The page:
Huber emails: "I first started formulating the story in 2012, when I made the daily commute from Chico to Forest Ranch for my job at the Big Chico Creek Ecological Reserve. There is a large cave that can be seen from Highway 32 on the east facing slope of Musty Buck Ridge. After visiting that cave and seeing the evidence of the indigenous people who had occupied it, I began to develop the plot."

Will must fend for himself: "Returning to my snares I was delighted to find two good-sized gray squirrels dangling by their necks from the tree. I skinned both and started a small fire, spitted them and had one for late breakfast, salted the other and wrapped it in a bandana to have later for an afternoon snack."

Eventually Will meets other VNC; some prove to be allies, like the young girl named Hope, but others are malicious and worse. The story is grim and violent and gory, aimed at, Huber emails, fans of The Walking Dead, not the Hallmark Channel (cannibals, anyone?). 

Later, word comes that the VNC must head to Oakland where a United Nations ship will take them to safety in March 2034. There is a horrendous price as small VNC cells press toward the goal; others continue journaling when Will cannot.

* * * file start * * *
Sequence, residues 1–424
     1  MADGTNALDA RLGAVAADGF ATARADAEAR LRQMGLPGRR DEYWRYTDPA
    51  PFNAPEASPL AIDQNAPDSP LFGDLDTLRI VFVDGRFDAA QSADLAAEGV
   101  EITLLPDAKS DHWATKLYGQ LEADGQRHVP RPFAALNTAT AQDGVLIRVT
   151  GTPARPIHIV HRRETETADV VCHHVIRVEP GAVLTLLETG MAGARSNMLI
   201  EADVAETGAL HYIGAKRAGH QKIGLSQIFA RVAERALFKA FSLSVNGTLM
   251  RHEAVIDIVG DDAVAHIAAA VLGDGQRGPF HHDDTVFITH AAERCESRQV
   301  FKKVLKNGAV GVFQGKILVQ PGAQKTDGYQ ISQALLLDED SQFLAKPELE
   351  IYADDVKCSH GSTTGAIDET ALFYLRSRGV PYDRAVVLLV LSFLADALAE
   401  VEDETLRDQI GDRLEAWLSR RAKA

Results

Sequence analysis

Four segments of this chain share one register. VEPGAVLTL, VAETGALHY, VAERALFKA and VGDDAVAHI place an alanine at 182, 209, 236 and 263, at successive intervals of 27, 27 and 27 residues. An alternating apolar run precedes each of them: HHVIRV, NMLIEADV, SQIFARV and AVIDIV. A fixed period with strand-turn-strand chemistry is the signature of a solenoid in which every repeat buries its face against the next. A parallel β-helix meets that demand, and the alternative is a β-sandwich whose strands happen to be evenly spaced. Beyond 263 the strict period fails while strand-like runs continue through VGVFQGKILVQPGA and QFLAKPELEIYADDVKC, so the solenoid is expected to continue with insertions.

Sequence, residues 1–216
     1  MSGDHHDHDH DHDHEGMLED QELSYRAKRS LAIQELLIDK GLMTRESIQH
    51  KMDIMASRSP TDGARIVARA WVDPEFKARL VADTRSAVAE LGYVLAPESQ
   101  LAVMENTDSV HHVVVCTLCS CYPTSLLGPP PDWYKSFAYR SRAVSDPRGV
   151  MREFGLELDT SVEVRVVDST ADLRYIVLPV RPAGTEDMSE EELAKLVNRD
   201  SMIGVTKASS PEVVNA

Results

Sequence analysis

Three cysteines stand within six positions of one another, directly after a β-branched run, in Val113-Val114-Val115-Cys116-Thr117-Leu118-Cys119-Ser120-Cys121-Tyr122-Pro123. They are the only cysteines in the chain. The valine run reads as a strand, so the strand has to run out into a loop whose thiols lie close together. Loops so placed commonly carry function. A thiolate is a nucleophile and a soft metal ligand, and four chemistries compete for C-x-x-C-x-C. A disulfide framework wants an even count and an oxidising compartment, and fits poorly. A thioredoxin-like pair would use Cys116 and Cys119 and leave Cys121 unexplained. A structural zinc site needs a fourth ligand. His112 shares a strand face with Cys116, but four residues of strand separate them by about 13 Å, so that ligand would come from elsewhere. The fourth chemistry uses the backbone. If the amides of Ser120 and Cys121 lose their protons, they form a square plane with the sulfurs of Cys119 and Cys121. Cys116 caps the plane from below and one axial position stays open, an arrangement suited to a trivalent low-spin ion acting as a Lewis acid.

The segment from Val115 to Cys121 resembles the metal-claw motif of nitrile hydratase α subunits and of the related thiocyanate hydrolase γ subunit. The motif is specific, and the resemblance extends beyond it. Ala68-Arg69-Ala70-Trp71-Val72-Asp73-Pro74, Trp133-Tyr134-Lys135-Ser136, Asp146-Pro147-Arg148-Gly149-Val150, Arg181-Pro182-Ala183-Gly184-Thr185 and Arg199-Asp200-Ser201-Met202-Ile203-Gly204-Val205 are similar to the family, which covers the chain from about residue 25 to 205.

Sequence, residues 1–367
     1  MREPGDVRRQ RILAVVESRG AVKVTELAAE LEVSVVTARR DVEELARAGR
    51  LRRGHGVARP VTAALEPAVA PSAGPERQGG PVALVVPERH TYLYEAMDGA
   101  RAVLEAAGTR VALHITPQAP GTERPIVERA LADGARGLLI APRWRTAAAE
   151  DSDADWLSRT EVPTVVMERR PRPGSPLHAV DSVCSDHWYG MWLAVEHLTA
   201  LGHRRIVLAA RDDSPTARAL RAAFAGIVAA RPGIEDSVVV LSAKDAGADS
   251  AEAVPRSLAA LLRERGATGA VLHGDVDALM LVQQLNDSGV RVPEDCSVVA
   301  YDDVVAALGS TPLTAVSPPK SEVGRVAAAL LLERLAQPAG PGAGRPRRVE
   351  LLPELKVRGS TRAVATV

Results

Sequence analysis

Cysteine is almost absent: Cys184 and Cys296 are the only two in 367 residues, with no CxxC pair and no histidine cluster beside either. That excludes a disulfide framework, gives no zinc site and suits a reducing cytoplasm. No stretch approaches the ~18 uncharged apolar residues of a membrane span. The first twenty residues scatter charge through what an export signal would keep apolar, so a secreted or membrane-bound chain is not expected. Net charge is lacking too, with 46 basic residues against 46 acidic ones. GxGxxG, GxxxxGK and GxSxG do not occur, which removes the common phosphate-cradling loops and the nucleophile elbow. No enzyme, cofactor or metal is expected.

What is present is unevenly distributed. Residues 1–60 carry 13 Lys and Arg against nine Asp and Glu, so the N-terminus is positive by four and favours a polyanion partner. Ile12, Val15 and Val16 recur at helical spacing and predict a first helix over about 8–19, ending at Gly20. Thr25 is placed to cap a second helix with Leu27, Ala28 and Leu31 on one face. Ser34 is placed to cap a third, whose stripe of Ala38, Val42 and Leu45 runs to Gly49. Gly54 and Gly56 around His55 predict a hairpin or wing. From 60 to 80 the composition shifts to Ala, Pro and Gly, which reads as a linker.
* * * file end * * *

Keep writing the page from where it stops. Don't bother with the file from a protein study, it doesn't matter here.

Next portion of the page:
Huber's descriptive skill and edge-of-your-seat pacing lead readers through a nightmare landscape not soon to be forgotten.

Tuesday, January 12, 2021

"From The Dark Domain: Novel Number One In The Luke Thomas Series"

Keith Potter served Paradise Alliance Church as lead pastor during the 1990s. Now living with his wife, Sue, in Eugene, Oregon, he is Vice President for Advancement at Bushnell University (formerly Northwest Christian College) in Eugene.

In Potter's new novel, Arthur Gilliam, comatose in a care facility, is visited by a younger pastor, Luke Thomas, making his rounds.

"From The Dark Domain: Novel Number One In The Luke Thomas Series" ($18 in paperback from Resource Publications; also for Amazon Kindle) is a story within a story. Thomas, "District pastor" in San Diego, finds a manuscript Gilliam has written, a long letter to his estranged son, Donnie, recounting a life broken, yet redeemed by God, which forms the crux of the novel.

Ever attracted to beautiful women, Gilliam falls hard for Alice. Donnie is conceived on their wedding night, but Alice is sexually cold and physically brutal. "As a protector, I failed beyond measure," he writes his son.

She kicks Donnie out at sixteen. Later, after Alice dies, Arthur is alone, preaching but not much believing that stuff about Jesus. He moves to Tahuya, Washington. His neighbor, Lisa, is wondrous to look at, and she is attracted to the wimpy Arthur. Yet Lisa abruptly leaves and Arthur ponders what God is doing.

In the early 1990s he takes a job teaching English in Rwanda at a Christian school. The headmistress, Prudence Nayinzira ("a woman who could have been Miss Universe"), is a Tutsi. One of the older students, Faustin Bizimana, a Hutu, becomes spiritual mentor to Arthur, and together they challenge each other in following Jesus.